Egypt Searches for Answers After Deadly Bombings

Security forces are searching wreckage for clues after three explosions killed two dozen people in the Egyptian resort of Dahab on Monday. It's the third terrorist strike on a Sinai Peninsula resort in less than two years, and it came at the height of the tourist season. Renee Montagne speaks with Time Magazine's Scott MacLeod.

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RENEE MONTAGNE, host:

This is MORNING EDITION from NPR News. I'm Renee Montagne.

In what Egyptian President Hosni Mubarak has called a "sinful terrorist action," nearly two dozen people were killed and many more wounded when three bombs exploded in succession yesterday at an Egyptian beach resort. Dahab, on the Red Sea, was crowded with foreign and Egyptian vacationers when the explosions went off in the early evening. It was the third such attack at a popular resort on the Sinai Peninsula in less than two years. And like the previous ones, it came as Egyptians were celebrating a holiday.

Scott MacLeod is the Cairo Bureau chief for Time magazine and he's in Dahab. Hello.

Mr. SCOTT MacLEOD (Cairo Bureau Chief, Time Magazine): Hello.

MONTAGNE: Could you please describe for us the scene there today?

Mr. MacLEOD: Well, Dahab is a kind of quaint, little seaside village. It's pretty small and it actually is the place in the Red Sea that's favored by the kind of bohemian crowd, the hippies, as opposed to Sharm el-Sheikh, which attracts more up-market, five-star hotel kind of clientele. So it's a pretty laid back town. It's a town where a lot of people come to smoke hashish and they come to mix with an international kind of bohemian traveler set.

And so there's a lot of shock in the town today because the kind of people who are here are looking for peace, love and not war. And these people, you know, have had a rude awakening last night. You know, they were somewhat expecting it because we have had these other attacks in nearby resort towns on the Red Sea, but somehow this place was too sleepy, really, to bother with. And so people are pretty upset.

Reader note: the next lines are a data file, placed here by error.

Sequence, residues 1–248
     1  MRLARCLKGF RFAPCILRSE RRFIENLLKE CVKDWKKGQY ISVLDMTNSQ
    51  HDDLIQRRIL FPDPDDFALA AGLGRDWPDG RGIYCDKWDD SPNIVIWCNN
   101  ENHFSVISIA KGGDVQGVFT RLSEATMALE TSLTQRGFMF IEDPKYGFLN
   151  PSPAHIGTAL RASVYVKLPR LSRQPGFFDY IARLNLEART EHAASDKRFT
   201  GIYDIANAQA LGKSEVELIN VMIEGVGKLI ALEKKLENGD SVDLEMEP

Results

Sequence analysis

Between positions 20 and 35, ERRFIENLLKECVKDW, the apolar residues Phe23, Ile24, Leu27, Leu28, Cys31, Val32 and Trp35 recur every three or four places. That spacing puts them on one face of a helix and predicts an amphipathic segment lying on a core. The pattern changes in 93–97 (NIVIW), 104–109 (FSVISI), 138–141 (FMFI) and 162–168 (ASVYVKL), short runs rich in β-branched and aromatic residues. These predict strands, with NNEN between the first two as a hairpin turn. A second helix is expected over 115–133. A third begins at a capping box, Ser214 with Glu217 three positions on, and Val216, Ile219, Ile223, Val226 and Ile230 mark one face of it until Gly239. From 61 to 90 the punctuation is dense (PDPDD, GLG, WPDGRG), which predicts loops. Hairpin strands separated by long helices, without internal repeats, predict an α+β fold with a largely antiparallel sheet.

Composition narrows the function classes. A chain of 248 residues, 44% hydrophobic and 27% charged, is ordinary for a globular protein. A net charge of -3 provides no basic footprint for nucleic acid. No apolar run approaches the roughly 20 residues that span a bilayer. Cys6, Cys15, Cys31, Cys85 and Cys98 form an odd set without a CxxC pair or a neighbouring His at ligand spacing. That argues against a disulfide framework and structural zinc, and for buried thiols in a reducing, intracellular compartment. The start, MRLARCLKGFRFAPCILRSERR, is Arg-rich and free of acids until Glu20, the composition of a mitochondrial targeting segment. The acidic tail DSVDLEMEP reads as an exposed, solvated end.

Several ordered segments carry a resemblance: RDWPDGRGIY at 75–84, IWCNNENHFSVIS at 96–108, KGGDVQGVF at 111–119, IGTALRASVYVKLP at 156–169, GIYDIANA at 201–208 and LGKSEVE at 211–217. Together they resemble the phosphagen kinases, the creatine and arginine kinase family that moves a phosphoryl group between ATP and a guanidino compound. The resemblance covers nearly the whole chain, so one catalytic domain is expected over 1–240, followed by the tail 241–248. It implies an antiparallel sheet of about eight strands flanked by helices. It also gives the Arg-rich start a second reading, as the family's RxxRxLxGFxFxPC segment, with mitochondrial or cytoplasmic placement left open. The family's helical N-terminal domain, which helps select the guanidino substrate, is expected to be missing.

The scene this morning at the site of the bombings was basically cleanup and investigation. You had investigators with white gloves picking through the debris, looking for clues. You had divers going out looking for body parts in the sea, which was just a few yards, really, from the promenade where these bombs went off.

MONTAGNE: And the places being targeted?

Mr. MacLEOD: Well, in Dahab itself, what was targeted was the promenade where you have just one restaurant or small nightclub after the other. And these are basically open-air affairs, so when these three bombs went off, they were direct hits on everyone who got hit because there were--you know, there were no buildings or anything shielding people from the bomb blast. So that's why you had a relatively high death count even though these bombs, in comparison to the Taba bombing, which brought down half of a hotel and the Sharm el-Sheikh bomb, which did practically the same thing, these were pretty small bombs.

MONTAGNE: And the holiday being celebrated today, what did that have to do with this bombing, if anything?

Mr. MacLEOD: Well, nobody really understands why, but all three of the big bombing attacks in the Sinai Peninsula, which are believed, by the way, to have been carried out by local Sinai Islamic extremists, have occurred on major Egyptian holidays. This one was the eve of Sinai Liberation Day. And the previous attacks occurred on the anniversary of the Six-Day War in 1973 and on the day that Egypt's revolution overthrew the king of Egypt in 1952.

So we've had these major national holidays, they're not religious holidays, and the bombers have struck on these three occasions. No one's quite sure why, but it's interpreted as a symbol of attacking the state of Egypt.

MONTAGNE: And has the Egyptian government released any information about who exactly might be responsible?

Mr. MacLEOD: The interior minister gave a press conference a short while ago and he was very vague about what they believe or what they have found. He basically just said this is terrorism and terrorism doesn't discriminate against people. And we're gonna look into this and we're gonna find out who did it.

MONTAGNE: Scott, thank you very much.

Mr. MacLEOD: You're welcome.

MONTAGNE: Scott MacLeod is the Cairo Bureau Chief for Time magazine, speaking to us from the Egyptian resort town of Dahab.

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